Education Specialist (EdS)
Semester of Degree Completion
Paul D. Overton
The woman who wishes to re-enter the worlds of work and education can be effectively assisted by the community college. The open admissions policies and the availability of counseling for community members make the two year college systems unique. They provide access to in-house opportunities in both academic and job oriented areas. Women appear to view them as being less threatening than a four year institution, while retaining the prestige of college.
Women who wish to alter their life-style are often apprehensive about beginning. They may be realistic and effective in making decisions within a familiar milieu, but unsure and in need of reassurance and support as they venture into new territory. Indeed, decision making itself seems to be one of the most common stumbling blocks. The woman who cannot decide what she wants is hardly in a position to select among possible alternatives. For this reason many women begin the process of re-entry by selecting a course or workshop in some intra-personal area. Many times they are disappointed and disheartened to find the content not as they imagined.
Many community colleges provide special opportunities for women in both the affective and cognitive domain. Some women have selected specific goals and directions before they return. This woman is less in need of special attention than the one who knows only that she has unmet needs. The primary focus of this study is therefore within the affective area. It includes a ten week workshop as well as a method for evaluating an existing program.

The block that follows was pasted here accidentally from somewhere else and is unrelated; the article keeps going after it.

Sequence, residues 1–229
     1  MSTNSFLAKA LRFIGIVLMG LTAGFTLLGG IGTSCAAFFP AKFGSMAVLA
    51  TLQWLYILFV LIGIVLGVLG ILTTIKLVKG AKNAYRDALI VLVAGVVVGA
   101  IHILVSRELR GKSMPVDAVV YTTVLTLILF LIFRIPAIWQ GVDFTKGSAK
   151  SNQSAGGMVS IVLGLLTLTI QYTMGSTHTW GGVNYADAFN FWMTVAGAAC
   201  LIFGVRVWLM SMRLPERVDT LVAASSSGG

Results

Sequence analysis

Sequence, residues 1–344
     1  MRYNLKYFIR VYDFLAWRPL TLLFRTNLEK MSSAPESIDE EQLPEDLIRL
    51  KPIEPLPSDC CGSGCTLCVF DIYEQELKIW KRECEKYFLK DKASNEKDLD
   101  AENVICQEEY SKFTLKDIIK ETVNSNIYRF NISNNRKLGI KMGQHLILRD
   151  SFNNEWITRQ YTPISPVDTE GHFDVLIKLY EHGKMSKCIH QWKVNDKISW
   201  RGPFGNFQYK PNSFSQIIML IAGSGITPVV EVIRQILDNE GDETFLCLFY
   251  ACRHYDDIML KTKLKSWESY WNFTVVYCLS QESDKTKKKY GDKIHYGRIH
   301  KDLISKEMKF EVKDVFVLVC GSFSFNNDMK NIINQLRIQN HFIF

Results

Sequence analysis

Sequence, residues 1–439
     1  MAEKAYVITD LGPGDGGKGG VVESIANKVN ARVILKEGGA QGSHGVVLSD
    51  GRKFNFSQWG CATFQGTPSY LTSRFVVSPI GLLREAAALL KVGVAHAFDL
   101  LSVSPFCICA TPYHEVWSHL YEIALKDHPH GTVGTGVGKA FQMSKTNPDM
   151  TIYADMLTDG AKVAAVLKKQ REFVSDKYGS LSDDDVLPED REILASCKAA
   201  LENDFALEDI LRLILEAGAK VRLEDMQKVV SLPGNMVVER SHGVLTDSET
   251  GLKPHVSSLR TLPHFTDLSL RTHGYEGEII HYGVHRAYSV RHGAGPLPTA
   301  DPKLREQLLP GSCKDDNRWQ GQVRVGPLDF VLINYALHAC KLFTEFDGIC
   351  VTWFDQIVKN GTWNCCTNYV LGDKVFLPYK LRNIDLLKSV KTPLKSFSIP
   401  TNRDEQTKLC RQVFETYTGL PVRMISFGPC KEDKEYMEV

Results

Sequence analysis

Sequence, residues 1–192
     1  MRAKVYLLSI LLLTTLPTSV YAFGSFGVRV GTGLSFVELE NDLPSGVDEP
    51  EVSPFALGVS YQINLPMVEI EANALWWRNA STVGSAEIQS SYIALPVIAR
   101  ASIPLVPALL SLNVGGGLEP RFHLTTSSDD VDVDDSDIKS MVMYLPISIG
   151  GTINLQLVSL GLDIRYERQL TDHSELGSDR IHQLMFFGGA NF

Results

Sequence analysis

The workshop provides thirty contact hours over a ten week period, with four possible options during the last four weeks. In an effort to minimize the possibility of losing the participant by failing to meet her needs, the scope has been widened. During the first five weeks the group will remain together and share common experiences such as testing, value identification, strength assessment, and the like. During the sixth week an individual interview will determine the participants’ special needs and concerns; and she will select one or more of four available tracks for the remaining four weeks.
The multiple track approach will offer several advantages. It will allow the woman to change her direction without losing rapport and socialization opportunities developed during the initial weeks; it will consolidate testing and evaluation often covered in more than one classroom experience; and it will not leave the woman who inadvertently enrolled “wrong” affective class or workshop with additional indecision and damaged self-concept.
Benefits will accrue to the community college as well as to the re-entry woman . Re-entry persons of either sex will be increasingly welcomed as the numbers of college age students and veterans diminish. The carefully counseled re-entry woman may remain in the system as a student; she may become an effective role model as a paraprofessional in subsequent workshops; or she might continue her education to professional status. The satisfied participant may indeed be the most effective public relations agent available to the community college systems.
Nettnin, Shirley Jean, "Assisting the Re-Entry Woman: The Role of the Community College" (1978). Masters Theses. 3212.